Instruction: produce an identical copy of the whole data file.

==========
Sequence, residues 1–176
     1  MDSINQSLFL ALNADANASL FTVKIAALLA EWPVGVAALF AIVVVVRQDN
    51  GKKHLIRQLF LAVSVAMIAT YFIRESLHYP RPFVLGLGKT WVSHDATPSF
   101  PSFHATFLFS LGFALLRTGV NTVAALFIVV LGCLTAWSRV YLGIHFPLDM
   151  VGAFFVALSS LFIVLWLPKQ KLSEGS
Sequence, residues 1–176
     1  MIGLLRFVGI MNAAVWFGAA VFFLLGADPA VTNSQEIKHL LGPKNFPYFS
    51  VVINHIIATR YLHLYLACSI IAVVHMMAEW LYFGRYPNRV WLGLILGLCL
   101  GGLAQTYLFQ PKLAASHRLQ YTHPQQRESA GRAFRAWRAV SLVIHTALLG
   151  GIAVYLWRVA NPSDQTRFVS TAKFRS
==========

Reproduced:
Sequence, residues 1–176
     1  MDSINQSLFL ALNADANASL FTVKIAALLA EWPVGVAALF AIVVVVRQDN
    51  GKKHLIRQLF LAVSVAMIAT YFIRESLHYP RPFVLGLGKT WVSHDATPSF
   101  PSFHATFLFS LGFALLRTGV NTVAALFIVV LGCLTAWSRV YLGIHFPLDM
   151  VGAFFVALSS LFIVLWLPKQ KLSEGS
Sequence, residues 1–176
     1  MIGLLRFVGI MNAAVWFGAA VFFLLGADPA VTNSQEIKHL LGPKNFPYFS
    51  VVINHIIATR YLHLYLACSI IAVVHMMAEW LYFGRYPNRV WLGLILGLCL
   101  GGLAQTYLFQ PKLAASHRLQ YTHPQQRESA GRAFRAWRAV SLVIHTALLG
   151  GIAVYLWRVA NPSDQTRFVS TAKFRS